The last two centuries are a time of great achievements in medicine. One of them is the ability to control the reproduction process in humans. Starting a relationship or simply enjoying sex without worrying about an unplanned pregnancy is the goal for people not wanting to have children. Most people like condoms that fit them, make them comfortable and provide a high level of protection against sexually transmitted infections. Manufacturers offer a variety of options, and doctors insist on using condoms to reduce the risk of diseases and viruses.
The Difference Between Latex and Non-Latex Condoms
Non-Latex Condoms That Also Protect Against STDs
Mineral oil and non-polar solvents are able to interact with the latex polymer really well, diminishing the interactions between the individual polymer chains to each other, hence causing a weakening in the material and the break down of latex condoms. Because everyone just seems to know, we wanted to be able to offer a scientific explanation for something we all take for granted, so we wondered, What exactly is happening, chemically, when oil and latex hang out? When we asked this question, we had no idea how difficult it would be to find an answer. In fact, we found zero credible explanations online. Nobody gets into the science of why. We even asked Reddit, a forum of hundreds of thousands of readers, including experts in their fields, and we got … nothing.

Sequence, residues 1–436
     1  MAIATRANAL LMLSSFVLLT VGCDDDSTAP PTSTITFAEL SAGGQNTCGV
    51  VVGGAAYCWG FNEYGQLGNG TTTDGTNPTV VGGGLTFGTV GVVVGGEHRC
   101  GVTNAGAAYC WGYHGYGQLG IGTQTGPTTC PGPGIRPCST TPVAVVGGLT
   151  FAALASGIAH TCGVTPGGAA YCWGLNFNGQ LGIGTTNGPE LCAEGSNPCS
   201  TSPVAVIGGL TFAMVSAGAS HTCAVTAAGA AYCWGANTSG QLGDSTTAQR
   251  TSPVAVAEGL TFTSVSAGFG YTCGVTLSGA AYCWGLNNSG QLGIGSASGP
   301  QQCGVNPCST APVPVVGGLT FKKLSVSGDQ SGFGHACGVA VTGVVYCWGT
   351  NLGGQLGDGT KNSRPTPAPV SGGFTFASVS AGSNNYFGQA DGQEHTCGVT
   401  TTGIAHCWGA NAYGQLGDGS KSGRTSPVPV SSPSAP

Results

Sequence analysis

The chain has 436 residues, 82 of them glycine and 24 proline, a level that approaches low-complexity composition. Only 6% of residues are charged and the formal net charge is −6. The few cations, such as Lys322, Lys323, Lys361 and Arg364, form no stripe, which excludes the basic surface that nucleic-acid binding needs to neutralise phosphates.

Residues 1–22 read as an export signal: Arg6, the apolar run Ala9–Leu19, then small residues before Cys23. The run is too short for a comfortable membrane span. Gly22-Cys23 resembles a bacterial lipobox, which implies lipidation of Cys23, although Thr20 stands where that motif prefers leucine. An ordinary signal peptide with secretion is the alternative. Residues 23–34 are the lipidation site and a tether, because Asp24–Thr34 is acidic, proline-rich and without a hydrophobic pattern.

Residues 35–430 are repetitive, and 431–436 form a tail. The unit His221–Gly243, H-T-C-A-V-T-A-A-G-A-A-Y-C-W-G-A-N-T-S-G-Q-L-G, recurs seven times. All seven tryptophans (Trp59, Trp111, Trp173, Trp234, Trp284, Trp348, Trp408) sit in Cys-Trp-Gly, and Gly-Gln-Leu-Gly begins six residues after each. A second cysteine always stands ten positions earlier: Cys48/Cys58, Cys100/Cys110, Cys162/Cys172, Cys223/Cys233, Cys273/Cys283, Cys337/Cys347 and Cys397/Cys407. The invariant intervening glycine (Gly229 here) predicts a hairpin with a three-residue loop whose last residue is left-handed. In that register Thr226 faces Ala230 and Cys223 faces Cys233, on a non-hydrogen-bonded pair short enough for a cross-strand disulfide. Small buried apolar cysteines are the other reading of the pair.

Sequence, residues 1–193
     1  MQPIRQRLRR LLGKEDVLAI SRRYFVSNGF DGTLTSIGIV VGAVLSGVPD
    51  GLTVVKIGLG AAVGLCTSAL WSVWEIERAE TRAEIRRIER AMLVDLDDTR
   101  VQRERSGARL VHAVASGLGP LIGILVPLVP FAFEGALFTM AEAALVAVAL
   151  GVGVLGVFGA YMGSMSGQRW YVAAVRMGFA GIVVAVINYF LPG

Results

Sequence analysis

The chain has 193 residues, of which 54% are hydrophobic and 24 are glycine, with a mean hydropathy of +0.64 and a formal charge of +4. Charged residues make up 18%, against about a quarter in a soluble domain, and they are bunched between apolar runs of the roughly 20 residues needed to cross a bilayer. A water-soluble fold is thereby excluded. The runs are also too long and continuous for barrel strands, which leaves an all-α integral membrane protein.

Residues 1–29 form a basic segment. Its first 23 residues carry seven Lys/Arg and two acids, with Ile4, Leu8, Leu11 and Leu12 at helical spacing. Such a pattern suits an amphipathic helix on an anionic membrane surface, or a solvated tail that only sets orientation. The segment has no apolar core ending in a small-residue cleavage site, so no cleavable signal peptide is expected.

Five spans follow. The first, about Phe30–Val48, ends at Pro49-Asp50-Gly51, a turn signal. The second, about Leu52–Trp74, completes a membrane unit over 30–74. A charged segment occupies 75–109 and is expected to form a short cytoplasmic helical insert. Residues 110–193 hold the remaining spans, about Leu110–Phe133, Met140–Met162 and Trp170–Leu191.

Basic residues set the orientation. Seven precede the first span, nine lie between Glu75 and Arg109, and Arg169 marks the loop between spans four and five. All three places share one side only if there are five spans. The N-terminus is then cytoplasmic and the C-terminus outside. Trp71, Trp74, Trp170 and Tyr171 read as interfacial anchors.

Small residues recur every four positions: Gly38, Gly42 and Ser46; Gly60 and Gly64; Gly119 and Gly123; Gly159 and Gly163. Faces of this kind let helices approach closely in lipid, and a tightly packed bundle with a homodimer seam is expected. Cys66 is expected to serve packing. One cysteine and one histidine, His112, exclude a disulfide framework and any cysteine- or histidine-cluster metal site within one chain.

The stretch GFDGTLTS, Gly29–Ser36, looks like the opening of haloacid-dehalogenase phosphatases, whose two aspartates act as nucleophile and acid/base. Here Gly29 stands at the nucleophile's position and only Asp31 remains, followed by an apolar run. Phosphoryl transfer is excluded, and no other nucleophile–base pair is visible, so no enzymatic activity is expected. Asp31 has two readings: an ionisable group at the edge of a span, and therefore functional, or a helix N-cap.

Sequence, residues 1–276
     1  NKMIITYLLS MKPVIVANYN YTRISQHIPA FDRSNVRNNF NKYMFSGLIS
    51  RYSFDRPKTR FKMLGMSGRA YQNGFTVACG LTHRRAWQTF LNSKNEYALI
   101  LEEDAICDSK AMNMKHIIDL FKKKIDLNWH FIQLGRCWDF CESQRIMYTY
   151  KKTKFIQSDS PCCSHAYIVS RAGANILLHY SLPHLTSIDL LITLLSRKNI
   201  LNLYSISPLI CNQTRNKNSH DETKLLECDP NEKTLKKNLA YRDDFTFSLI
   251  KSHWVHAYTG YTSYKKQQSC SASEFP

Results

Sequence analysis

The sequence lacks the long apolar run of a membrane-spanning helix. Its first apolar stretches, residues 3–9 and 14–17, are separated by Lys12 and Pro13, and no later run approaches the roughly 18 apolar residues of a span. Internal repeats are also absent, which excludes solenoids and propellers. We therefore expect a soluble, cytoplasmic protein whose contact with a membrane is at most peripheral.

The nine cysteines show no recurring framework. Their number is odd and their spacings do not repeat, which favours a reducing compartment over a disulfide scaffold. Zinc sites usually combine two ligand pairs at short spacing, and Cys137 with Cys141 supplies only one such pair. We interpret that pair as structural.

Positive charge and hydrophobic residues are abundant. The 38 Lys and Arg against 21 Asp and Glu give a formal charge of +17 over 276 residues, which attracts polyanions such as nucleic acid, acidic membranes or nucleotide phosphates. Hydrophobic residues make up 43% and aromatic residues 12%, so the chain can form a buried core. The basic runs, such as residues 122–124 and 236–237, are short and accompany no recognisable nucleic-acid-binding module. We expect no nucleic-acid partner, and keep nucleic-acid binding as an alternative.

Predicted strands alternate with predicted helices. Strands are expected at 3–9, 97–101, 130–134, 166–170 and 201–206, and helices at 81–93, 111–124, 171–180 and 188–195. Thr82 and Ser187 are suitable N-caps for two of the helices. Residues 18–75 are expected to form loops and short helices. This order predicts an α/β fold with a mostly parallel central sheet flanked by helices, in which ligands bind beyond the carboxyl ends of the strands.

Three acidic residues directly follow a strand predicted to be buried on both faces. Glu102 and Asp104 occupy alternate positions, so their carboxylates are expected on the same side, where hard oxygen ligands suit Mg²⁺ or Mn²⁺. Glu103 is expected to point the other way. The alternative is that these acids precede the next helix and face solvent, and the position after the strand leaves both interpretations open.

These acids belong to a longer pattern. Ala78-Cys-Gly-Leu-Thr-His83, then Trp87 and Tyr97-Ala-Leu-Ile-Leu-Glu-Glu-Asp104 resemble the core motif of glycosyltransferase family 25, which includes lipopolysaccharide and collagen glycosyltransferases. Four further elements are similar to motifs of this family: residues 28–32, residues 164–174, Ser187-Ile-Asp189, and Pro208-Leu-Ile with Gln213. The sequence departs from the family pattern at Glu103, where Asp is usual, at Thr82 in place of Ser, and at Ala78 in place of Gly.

If You’re Allergic To Latex, These Condoms Are The Key To Safe Sex
SKYN condoms are designed to cover the penis during sexual intercourse for contraception or to prevent sexually transmitted diseases. These polyisoprene condoms were FDA approved in for the prevention of pregnancy and sexually transmitted diseases. Polyisoprene condoms are one of the more recent condom options on the market.
Having a latex allergy — or simply being sensitive to the substance — can make shopping for condoms that won't irritate your skin frustrating. Fortunately, you can have safe sex with the best non-latex condoms , too — you just have to know what to look for. Just how common is a latex allergy? According to the Centers for Disease Control and Prevention CDC , anywhere from one to 6 percent of the general population can be affected by the allergy , which can cause itchiness, swelling, hives, and in very rare instances, anaphylactic shock. For healthcare workers who regularly wear latex gloves, that percentage is even higher: an estimated eight to 12 percent are impacted.